Mr. Nestor thinks some doctors worry people will seal their lips dangerously tight with, say, duct tape. He recommends a square of surgical tape about the size of a postage stamp that can be easily undone by moving the lips apart. Wear the tape for five minutes while awake, he suggests, gradually adding minutes every day until comfortable sleeping with it.

Lara Briden has developed a protocol for taping comfortably. The 52-year-old New Zealand-based naturopathic doctor sticks a strip of surgical tape on her forearm to reduce some of its stickiness before sliding into bed to watch something with her husband on their laptop. When ready to sleep, she kisses her spouse, rolls over and moves the tape from arm to mouth. 

“He knows when I’ve forgotten,” Ms. Briden says. Her husband, Jonathan Briden, has considered taping her mouth during her slumber but concluded he didn’t want to cross that line.

Nasal breathing can also make the nose release nitric oxide, which, among other benefits, makes sleep deeper, according to studies over the past three decades. 

That potential intrigued Amy Nosta, a 51-year-old mom who home schools her children in New Jersey. So did the appeal of silencing her sleeping partner. “The loud squeak gets the grease,” says her husband, John Nosta, 63, who runs a think tank focusing on technology in healthcare.

After Mrs. Nosta learned about mouth taping from Instagram last year, the couple found it worked on them both and say the upsides outweigh the diminished nighttime enunciation. “It’s garbled,” she says, “but you can still understand.”

The remedy’s benefits are largely anecdotal. The best-known mouth-taping-related research comes from Taiwan, where scientists studied whether sealing the mouths of 30 patients with “habitual open-mouth breathing” could reduce snoring and obstructive sleep apnea, in which people might temporarily stop breathing. In a study published in 2015, they concluded that a patch, similar to tape, was useful in doing just that.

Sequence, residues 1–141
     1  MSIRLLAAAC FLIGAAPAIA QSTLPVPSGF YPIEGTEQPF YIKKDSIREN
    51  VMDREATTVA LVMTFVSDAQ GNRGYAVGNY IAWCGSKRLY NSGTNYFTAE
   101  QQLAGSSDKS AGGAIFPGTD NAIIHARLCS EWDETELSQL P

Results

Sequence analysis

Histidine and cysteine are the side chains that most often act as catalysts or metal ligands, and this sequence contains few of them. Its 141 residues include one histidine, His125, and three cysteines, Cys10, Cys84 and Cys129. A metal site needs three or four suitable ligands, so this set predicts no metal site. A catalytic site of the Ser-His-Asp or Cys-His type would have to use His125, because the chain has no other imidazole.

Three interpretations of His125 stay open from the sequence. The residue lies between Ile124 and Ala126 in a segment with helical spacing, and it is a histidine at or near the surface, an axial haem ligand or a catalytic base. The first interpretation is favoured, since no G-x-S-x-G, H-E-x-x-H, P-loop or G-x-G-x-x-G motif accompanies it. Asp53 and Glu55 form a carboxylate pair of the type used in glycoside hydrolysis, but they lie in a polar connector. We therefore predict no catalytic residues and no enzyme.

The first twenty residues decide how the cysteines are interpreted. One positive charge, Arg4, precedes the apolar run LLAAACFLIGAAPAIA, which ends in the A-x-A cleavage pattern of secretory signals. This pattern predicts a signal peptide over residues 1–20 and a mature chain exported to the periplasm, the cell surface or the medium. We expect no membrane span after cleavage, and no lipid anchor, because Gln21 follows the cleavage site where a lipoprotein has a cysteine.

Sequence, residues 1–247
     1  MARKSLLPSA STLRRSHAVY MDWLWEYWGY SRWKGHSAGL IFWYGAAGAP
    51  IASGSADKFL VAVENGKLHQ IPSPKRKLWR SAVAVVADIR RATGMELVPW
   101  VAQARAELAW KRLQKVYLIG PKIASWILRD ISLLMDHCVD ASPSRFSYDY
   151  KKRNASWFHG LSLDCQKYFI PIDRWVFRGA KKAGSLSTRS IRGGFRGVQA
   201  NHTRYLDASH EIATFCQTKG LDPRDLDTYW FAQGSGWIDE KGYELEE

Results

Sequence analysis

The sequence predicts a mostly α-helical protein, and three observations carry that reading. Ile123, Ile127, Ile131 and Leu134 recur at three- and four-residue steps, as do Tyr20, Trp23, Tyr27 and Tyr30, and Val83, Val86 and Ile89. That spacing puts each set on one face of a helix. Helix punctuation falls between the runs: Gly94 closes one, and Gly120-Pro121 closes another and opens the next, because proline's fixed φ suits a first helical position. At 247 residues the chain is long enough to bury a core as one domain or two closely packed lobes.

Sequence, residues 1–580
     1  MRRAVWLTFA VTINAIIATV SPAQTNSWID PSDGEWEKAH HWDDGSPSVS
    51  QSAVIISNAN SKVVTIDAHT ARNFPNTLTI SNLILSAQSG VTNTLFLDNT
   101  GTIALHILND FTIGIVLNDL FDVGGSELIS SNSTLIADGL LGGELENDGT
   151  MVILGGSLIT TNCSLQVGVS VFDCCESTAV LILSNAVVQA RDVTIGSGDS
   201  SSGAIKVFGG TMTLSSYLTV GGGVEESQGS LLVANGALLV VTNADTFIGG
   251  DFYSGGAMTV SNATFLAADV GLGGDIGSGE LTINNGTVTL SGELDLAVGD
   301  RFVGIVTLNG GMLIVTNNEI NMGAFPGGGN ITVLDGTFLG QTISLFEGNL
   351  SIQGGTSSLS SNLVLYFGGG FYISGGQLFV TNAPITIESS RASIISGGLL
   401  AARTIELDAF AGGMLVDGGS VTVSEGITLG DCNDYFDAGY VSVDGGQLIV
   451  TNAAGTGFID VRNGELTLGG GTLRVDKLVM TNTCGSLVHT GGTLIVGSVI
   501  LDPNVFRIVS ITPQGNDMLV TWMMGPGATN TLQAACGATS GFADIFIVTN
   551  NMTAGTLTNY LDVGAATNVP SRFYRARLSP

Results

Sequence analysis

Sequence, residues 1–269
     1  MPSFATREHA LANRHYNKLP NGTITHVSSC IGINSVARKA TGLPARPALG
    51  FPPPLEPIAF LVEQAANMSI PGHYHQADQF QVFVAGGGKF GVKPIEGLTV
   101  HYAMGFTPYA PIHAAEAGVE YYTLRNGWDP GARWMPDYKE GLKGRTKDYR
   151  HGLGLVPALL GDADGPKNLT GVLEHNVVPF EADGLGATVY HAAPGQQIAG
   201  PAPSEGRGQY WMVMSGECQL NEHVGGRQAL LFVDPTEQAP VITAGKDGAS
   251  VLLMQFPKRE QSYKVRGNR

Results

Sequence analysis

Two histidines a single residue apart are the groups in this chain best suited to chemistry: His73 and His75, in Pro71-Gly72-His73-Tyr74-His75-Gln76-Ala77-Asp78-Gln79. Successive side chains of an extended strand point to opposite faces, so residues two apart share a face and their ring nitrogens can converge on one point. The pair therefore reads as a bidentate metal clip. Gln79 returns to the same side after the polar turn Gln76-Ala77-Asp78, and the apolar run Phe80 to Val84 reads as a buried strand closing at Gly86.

Another researcher, Dr. Ann Kearney of Stanford University’s Voice and Swallowing Center, says she is organizing a similar study she hopes will include 300 patients.

Dr. Park, the mouth-taping advocate, says that while tape might benefit people with mild sleep apnea, he suspects it won’t help people with more severe forms of the condition. 

Mr. Gesualdi of Rhode Island, age 74, had long tried to tame his thunderous snoring, which his wife once brought to his attention with tape-recorded evidence. He tried a retainer-like oral appliance, but it was uncomfortable, shifted his teeth and didn’t always stay on all night. 

M rs. Gesualdi, who runs a women’s boutique and says she’s in her 70s, sometimes resorted to moving to another bed. “Of course he didn’t like that,” she says. “But let’s face it: If someone constantly woke you up when you’re in a deep sleep and you have work the next day, would you be happy?”

The high-school sweethearts were receptive when they saw the SomniFix pitch on “Shark Tank,” and Mr. Gesualdi bought the product online that same evening. The tape worked, Mrs. Gesualdi says, and gave her a new bedtime routine: asking her husband if the tape is on and hoping for a muffled “yes.” He once wore tape on an overnight flight to Europe.

“After all these years of being married to me and listening to me snore and all the craziness, I need to give my wife eight hours of sleep,” Mr. Gesualdi says. “Otherwise she’s a bear.”

Write to Stu Woo at